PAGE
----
There were warnings too that the crisis could end up costing El Salvador millions of dollars in grant money from the Millennium Challenge Corporation, a US government aid agency. In mid July, US lawmakers Robert Menendez, a Democratic senator from New Jersey, and Sen. Marco Rubio of Florida, a Republican, publicly urged US President Barack Obama to deny further Millennium Challenge funds should the AL continue to defy the CSJ. El Salvador’s accomplishments over the past two decades, the senators wrote in press release, “are threatened by the recent unconstitutional actions of their legislature.”

Some major US newspapers went even further in their criticism, saying the real culprits behind the crisis were President Funes and the left-wing Farabundo Marti para la Liberacion Nacional (FMLN) party, which were trampling on the Constitution in an effort to maintain power at any cost. A July 16 editorial in the Washington Post accused Funes and the FMLN of embracing “the tactics that brought other leftist strongmen to power in the region.” Conservative Wall Street Journal columnist Mary Anastasia O’Grady made similar allegations in a July 29 piece entitled “Rescuing Salvadoran Democracy.”

“Hugo Chávez may be terminally ill and [Fidel] Castro’s Cuba may be hitting the economic wall. But that doesn’t mean Latin American liberty is now safe from the Bolivarian stalkers who have been collecting the scalps of formerly free nations for the past decade,” she wrote. “Today El Salvador is ground zero in the Chávez revolution.”

An independent streak

The stubborn AL-CSJ standoff was, upon closer examination, far more nuanced than O’Grady and the Post would have their readers believe. Chávez had little to do with the situation. Shifting power dynamics among El Salvador’s principal political parties did. Also key to understanding the crisis is the “activist” role played in recent years by the Sala de lo Constitucional, which has come under fire from both the right and left over efforts to assert more judicial independence.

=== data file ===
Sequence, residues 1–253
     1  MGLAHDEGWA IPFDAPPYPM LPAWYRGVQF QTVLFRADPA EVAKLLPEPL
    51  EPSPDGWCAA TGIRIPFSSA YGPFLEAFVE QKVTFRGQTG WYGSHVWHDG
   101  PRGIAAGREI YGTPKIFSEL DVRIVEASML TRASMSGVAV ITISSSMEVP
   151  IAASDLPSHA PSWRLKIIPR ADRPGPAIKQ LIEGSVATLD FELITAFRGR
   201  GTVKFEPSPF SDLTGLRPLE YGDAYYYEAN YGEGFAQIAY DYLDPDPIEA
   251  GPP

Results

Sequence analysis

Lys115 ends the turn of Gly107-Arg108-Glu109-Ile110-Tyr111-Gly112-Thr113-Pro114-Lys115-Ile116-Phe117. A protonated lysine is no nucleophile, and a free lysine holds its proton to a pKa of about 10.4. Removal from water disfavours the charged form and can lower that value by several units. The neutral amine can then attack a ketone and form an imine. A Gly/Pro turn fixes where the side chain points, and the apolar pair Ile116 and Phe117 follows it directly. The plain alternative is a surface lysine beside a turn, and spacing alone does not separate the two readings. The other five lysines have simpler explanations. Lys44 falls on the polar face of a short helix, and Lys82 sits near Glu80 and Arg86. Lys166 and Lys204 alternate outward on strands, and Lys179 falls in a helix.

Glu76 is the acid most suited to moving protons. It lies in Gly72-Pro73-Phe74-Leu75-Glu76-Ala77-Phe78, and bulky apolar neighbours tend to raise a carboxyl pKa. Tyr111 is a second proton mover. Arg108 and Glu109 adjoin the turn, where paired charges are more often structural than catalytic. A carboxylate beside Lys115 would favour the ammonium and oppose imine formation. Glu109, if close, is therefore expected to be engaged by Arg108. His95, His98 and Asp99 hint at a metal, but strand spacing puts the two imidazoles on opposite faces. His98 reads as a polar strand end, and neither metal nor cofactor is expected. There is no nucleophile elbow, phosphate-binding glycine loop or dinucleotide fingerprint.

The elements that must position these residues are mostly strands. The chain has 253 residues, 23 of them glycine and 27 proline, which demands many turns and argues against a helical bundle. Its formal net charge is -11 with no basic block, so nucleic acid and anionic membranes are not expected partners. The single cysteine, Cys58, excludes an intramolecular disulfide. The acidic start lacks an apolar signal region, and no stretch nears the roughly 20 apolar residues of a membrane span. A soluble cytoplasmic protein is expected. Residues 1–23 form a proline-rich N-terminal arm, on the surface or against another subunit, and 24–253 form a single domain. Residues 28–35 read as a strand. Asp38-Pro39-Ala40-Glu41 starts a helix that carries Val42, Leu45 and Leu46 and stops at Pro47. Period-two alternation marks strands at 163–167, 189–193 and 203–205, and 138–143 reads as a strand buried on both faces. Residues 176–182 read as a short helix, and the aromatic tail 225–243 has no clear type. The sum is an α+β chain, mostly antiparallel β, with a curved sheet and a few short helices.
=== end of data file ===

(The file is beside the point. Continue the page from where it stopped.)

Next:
In the lead up to this year’s municipal elections, the Sala struck down a ban on independent candidates, angering party insiders – particularly within the FMLN – who said the ruling favors conservatives. Only wealthy individuals (who tend to lean right) have the resources to run without party backing, FMLN leaders warned. President Funes objected to the Sala’s decision as well, suggesting it could lead to campaign financing by organized crime.

The Sala de lo Constitucional has butted heads with ARENA as well. In June, 2011, acting on rumors that the Sala was considering a repeal of the country’s amnesty law, ARENA deputies rushed through a controversial bill called Decree 743, which upped from four to five the number of votes the Sala needs to overturn existing legislation. FMLN leaders opposed the measure. President Funes, who represented the FMLN in the 2009 election, signed Decree 743 into law regardless. Popular pressure, a media outcry and an eventual about-face by ARENA ended up killing the controversial measure. As far as CSJ-AL relations are concerned, however, the damage had already been done.

Politics as usual

That tensions between the AL and Sala de lo Constitucional would once again boil over is not, in retrospect, all that surprising. And yet the proverbial straw that broke the camel’s back this time around – i.e. the legislature’s decision to squeeze in a last-minute round of CSJ appointments – was an essentially political maneuver that had more to do with party rivalries than with any ill feelings lawmakers may have about the high court.